I know many middle class Canadians that have extra money for $2,000 to $3,000 a month mortgage payments, property tax bills, utilities, insurance etc. for rental properties and cottages, vacation properties, bigger primary residences but they can’t save $500 or $800 a month for their TFSA contribution and $500 to $800 a month for their RRSP contribution.

    They think that buying real estate makes them be middle class for now and wealthier tomorrow. This is why Canadian seniors are now declaring record personal bankruptcies. They have all this debt and an illiquid, high cost, tax, expense asset that produces no real income in retirement but eats away at more money.

    The NDP is a tax and spend party, they don’t cut taxes. If they ever did cut taxes, they make you pay double, triple what you think you saved. It is your holes you guys dug yourself in and they can’t save your overextended, debt ridden ways.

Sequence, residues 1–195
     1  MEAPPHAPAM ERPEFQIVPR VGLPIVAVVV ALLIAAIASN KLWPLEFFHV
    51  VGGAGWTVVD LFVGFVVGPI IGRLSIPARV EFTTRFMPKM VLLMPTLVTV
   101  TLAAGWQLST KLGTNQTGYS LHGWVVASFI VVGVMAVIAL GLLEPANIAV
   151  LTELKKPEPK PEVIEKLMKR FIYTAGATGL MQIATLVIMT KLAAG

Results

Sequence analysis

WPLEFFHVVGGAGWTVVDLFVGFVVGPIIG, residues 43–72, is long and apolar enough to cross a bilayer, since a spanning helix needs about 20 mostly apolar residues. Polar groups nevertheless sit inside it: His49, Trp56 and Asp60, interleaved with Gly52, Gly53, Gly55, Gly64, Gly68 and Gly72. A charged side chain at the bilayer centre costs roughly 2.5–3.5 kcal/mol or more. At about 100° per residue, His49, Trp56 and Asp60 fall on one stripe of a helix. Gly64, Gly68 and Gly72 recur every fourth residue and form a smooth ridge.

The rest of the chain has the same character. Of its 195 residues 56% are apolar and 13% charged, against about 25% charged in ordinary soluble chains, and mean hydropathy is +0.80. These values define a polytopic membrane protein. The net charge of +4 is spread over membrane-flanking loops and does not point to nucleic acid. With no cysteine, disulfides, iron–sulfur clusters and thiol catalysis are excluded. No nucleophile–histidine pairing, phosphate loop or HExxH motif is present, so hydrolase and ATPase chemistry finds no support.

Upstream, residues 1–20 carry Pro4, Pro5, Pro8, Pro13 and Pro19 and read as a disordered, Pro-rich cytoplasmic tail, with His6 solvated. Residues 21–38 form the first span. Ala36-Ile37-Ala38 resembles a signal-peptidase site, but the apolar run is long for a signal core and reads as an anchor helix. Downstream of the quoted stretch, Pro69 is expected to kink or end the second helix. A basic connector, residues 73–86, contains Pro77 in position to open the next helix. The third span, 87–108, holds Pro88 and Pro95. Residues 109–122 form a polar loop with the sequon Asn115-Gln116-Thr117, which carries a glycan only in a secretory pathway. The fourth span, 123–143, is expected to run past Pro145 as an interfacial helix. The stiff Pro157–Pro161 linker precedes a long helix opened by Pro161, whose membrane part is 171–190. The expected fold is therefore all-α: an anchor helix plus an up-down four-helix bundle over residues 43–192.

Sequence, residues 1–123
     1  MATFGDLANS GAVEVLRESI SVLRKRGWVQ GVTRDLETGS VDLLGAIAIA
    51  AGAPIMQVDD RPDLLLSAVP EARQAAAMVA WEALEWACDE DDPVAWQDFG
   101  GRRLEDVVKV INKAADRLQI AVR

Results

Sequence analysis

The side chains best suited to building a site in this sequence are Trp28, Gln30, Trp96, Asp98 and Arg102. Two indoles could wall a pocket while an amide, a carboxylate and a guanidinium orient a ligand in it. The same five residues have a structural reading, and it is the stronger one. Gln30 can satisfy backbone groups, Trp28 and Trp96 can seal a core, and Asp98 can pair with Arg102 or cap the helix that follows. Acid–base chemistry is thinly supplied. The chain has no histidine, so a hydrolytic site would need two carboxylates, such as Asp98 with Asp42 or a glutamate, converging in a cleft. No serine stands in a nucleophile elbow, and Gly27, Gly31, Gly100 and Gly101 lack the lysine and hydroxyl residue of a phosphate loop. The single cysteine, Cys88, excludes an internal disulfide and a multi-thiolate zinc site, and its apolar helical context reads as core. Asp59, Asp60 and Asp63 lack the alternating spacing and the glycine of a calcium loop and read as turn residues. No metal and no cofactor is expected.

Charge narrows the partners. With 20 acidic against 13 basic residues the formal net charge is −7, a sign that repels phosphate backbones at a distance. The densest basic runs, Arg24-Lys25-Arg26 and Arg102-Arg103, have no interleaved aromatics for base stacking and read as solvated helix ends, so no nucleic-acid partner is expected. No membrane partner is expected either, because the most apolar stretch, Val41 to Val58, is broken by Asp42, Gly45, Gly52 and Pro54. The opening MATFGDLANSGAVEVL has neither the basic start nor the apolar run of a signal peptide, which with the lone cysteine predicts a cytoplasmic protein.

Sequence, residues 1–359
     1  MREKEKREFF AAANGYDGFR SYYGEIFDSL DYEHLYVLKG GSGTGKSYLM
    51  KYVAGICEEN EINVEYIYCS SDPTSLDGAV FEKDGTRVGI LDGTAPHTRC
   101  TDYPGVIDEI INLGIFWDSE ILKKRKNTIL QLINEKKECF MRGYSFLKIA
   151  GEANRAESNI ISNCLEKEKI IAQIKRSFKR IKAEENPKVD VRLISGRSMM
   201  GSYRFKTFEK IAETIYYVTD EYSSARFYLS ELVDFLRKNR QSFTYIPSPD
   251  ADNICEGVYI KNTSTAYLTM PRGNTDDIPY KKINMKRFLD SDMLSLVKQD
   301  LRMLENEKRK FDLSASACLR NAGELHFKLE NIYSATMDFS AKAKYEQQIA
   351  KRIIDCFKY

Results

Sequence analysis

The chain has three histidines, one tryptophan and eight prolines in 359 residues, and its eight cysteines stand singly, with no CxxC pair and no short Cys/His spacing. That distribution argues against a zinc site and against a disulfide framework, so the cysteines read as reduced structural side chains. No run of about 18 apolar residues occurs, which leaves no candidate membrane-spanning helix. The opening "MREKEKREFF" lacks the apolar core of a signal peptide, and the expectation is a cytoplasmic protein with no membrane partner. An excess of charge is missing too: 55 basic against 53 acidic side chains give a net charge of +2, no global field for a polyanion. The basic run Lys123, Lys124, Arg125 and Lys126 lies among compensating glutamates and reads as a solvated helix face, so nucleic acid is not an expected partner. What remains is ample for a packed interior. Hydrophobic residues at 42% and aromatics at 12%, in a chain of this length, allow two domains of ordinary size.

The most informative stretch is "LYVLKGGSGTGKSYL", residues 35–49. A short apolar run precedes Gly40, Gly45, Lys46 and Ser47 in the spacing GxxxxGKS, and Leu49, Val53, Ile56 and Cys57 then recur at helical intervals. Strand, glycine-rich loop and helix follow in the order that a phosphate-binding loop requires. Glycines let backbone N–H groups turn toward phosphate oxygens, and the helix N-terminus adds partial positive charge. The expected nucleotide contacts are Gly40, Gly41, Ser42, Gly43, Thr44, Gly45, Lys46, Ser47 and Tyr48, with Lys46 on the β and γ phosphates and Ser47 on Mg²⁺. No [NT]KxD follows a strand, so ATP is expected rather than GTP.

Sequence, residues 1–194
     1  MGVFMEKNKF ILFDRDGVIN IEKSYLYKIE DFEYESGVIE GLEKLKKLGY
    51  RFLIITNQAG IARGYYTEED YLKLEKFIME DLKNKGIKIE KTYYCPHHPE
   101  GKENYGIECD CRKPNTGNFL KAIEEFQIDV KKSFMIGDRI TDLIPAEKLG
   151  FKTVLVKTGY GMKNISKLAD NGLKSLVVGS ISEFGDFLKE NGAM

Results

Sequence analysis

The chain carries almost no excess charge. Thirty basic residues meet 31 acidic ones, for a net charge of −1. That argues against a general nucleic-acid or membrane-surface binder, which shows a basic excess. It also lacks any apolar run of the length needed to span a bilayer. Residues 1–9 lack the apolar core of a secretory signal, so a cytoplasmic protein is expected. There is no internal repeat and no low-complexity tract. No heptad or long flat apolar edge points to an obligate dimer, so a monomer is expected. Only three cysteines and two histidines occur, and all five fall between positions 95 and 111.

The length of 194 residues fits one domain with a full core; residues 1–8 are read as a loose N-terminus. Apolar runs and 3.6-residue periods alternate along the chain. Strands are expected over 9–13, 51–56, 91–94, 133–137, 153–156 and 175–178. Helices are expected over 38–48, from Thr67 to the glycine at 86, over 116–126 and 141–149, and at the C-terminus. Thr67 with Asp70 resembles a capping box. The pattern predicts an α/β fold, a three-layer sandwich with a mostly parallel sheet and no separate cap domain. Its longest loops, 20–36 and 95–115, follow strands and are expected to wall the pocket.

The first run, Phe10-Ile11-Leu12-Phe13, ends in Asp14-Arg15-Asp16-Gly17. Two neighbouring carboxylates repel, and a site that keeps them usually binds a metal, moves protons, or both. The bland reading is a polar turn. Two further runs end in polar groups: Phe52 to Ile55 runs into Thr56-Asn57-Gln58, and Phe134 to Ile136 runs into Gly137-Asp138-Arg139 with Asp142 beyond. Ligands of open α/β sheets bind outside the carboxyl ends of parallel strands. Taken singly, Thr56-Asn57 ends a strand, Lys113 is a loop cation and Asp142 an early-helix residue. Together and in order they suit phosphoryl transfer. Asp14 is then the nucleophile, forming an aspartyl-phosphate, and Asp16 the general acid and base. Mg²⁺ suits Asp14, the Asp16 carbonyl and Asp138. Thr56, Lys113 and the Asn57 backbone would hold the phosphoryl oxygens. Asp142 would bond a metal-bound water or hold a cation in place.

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    • Correction to my comment above, Canadians think they are not so in debt but they are. In Canada about 70% of all Canadian’s personal debt is mortgages. Get it people!

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    • You know many middle class Canadians with 2-3K/month mortgage payments? I think you misunderstand the definition of middle class.